# Find the domain of the function $f(x)= 3x^2+4/2x-1$ (If they exist)

I'm having trouble understanding how to find the domain of the above function.

I've done $2x-1=0$ and got $x=1/2$ but I'm not entirely sure where to take it from there.

Is that right? any advice greatly appreciated.

• I'm sorry if I haven't explained myself very clearly. English isn't my first language. – user111913 Nov 27 '13 at 20:11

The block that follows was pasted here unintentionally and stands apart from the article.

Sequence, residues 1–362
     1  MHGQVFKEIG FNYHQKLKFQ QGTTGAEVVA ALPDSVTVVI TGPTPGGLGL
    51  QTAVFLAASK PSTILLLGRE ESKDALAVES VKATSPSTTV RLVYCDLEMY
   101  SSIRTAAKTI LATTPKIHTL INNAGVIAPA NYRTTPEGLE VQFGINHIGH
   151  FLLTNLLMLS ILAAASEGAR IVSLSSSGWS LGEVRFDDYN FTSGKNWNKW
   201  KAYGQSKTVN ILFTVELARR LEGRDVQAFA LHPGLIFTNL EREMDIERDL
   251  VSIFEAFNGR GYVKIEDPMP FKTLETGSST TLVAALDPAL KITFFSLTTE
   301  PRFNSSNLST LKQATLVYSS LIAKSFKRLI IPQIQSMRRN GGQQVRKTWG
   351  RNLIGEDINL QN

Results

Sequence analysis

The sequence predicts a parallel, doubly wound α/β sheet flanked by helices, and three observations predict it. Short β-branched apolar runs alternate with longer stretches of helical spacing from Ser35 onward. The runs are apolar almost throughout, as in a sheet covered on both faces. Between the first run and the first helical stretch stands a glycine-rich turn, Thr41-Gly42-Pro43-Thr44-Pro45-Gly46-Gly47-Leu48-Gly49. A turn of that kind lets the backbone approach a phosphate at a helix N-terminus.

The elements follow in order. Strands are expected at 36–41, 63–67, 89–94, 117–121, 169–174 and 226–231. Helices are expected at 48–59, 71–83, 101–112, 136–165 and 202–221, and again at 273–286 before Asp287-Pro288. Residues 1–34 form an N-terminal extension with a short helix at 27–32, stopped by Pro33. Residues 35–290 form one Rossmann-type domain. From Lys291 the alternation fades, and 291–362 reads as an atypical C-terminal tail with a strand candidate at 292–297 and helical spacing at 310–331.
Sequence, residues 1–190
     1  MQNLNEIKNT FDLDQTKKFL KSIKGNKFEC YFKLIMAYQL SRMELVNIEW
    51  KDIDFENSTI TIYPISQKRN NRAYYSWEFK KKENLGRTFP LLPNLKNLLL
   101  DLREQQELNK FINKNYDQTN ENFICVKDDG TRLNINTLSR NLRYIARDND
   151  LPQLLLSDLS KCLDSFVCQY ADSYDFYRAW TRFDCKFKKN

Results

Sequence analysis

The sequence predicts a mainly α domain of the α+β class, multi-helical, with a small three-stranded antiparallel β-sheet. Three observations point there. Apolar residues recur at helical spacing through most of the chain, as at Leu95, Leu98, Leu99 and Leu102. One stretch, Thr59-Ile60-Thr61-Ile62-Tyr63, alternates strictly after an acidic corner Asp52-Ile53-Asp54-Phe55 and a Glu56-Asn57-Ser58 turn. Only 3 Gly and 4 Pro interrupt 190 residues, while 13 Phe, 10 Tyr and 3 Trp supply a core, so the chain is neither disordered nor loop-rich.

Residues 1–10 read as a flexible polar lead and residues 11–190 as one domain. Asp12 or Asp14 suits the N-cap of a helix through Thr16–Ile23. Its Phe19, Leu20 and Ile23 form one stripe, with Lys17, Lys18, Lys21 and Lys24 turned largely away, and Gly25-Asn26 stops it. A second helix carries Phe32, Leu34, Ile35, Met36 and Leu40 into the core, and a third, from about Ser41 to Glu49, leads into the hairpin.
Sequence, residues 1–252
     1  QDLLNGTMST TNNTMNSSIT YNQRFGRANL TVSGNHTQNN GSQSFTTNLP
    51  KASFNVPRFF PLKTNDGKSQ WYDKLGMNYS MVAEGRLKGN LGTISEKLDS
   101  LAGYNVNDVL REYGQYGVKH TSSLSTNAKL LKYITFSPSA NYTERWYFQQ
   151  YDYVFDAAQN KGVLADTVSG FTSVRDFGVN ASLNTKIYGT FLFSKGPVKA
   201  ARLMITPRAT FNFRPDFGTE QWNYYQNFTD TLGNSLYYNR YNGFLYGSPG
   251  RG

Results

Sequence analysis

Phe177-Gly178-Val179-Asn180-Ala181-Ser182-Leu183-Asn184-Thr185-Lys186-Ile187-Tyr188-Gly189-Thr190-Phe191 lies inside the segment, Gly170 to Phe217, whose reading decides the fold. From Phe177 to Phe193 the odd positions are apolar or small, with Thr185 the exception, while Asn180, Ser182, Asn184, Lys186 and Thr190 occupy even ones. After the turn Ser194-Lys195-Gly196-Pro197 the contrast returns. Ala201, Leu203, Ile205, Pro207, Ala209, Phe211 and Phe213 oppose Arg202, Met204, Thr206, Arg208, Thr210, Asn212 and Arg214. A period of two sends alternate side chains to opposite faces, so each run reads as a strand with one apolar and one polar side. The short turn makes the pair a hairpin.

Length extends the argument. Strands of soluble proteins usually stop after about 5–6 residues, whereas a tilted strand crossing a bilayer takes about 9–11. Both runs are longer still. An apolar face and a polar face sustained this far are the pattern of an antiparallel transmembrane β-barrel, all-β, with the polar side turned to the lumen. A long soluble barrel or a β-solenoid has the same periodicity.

It is right if you mean $$f(x)=\frac {3x^2+4}{(2x-1)} \:or \:f(x)=3x^2+\frac {4}{(2x-1)}$$Then domain is $$D= \{x:\;x \in \mathbb{R}, x\neq \frac12 \}$$ But if $$f(x)=3x^2+\frac {4}{(2x)}-1$$ then the domain is $$D= \{x: \;x \in \mathbb{R}, x\neq 0 \}$$

• Yeah its the first function you mentioned. Wasn't sure how to explain the domain. thank you for your assistance. greatly appreciated – user111913 Nov 27 '13 at 20:41

Since at $x = \frac{1}{2}$ the function is undefined, it's typical to say that the domain is "all real numbers except $\frac{1}{2}$" or, more formally,

$$\{ x : x \in {\mathbb R} \text{ and } x \ne \frac{1}{2} \}.$$

Does that help?